Editor's Note: Below is a brief excerpt from this week's edition of Market Edges, a weekly newsletter contextualizing key economic data within big picture macro trends. Click here to get a free month.
“Third-quarter earnings season kicked off this week, with investors hoping for signs that the record-highs in major indexes are justified by the level of activity in corporate America,” writes MarketWatch in a recent piece. “The good news is there may be more wiggle room on this score than investors realize.”
Sure, there may be some wiggle room but not much. The reason why has everything to do with the U.S. economic cycle. Here’s why.
Corporate profit growth tracks the broader U.S. economy. U.S. GDP slowed from 1Q 2015 to 2Q 2016. Year-over-year GDP growth fell from 3.8% to 1.2% over that period. At the same time, earnings growth contracted for five straight quarters starting in the second quarter of 2015.
Here’s the key point. As the U.S. economy rebounded off their 2016 lows, S&P 500 earnings snapped back too. Year-over-year earnings growth peaked in Q1 2017 at 14.5%.
While this profit growth has been bullish for equity investors throughout 2017, it also makes for an increasingly tough set-up for earnings heading into 2018. The earnings “comps” – the numbers against which year-over-year growth is measured – get very difficult in the coming quarters.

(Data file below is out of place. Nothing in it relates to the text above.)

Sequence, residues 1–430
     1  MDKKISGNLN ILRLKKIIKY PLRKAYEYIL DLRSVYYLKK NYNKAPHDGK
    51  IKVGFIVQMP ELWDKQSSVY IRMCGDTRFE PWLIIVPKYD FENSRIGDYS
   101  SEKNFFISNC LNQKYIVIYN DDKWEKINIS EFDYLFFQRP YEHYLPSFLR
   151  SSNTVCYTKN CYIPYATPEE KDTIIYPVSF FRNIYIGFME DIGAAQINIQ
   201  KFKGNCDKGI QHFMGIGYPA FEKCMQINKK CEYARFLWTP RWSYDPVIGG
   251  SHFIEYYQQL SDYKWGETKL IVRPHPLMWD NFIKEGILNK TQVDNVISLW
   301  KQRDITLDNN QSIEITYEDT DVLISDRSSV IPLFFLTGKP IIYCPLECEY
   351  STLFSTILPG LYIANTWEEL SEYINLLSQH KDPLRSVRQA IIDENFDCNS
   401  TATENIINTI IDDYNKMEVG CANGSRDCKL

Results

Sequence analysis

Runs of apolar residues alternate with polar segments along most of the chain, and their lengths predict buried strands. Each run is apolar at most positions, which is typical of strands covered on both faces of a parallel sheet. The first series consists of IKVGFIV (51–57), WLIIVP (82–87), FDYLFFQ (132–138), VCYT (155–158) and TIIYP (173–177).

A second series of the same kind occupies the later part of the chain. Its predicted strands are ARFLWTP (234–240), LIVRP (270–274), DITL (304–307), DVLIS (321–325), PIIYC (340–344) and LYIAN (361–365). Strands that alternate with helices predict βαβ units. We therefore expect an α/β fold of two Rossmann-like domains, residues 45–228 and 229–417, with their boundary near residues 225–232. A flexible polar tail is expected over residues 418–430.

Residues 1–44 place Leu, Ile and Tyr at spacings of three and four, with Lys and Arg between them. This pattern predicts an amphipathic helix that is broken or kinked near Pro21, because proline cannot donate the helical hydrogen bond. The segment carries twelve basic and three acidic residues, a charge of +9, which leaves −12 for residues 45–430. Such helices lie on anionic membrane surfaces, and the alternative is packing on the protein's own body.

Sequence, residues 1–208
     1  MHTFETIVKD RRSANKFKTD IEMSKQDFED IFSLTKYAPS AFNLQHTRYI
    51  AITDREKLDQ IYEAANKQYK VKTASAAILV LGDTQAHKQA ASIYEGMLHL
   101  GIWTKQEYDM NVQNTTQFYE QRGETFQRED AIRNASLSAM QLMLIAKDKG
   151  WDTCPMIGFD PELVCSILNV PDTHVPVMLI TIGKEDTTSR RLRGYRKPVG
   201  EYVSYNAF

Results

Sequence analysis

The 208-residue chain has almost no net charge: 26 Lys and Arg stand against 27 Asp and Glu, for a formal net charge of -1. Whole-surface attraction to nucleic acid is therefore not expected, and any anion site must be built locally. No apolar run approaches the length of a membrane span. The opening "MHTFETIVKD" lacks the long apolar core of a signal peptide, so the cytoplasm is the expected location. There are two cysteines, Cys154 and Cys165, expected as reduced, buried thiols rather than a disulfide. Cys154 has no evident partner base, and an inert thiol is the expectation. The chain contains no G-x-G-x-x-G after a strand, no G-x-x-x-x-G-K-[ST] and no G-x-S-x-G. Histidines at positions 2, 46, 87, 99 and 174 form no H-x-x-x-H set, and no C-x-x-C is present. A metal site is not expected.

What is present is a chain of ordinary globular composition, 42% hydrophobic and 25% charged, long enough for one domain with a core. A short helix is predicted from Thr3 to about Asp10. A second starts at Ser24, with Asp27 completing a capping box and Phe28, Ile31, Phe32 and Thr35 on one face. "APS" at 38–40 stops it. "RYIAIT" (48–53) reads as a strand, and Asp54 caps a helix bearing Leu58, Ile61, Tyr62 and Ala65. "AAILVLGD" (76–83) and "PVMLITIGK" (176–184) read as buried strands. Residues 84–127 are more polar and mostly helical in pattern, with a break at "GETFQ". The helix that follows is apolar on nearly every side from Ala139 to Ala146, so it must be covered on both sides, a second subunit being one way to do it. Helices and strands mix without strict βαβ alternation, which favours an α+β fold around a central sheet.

So what’s this mean for investors?
Remember, the rate of change is what matters for prudent asset allocation. While the most consequential macro factors – economic growth and inflation – will continue to be supportive of equity prices through early 2018, slowing earnings growth suggests investors should be dialing back their bullishness into early 2018. See our proprietary Asset Allocation above for more on that, particularly how it's changed over the last 3 to 6 months.
Hedgeye CEO Keith McCullough puts the key takeaway simply on a recent institutional conference call, “I would not want to be as long as we’ve been, or as aggressively bullish as we’ve been on all stock market pullbacks, ahead of Q1 reporting season in 2018.”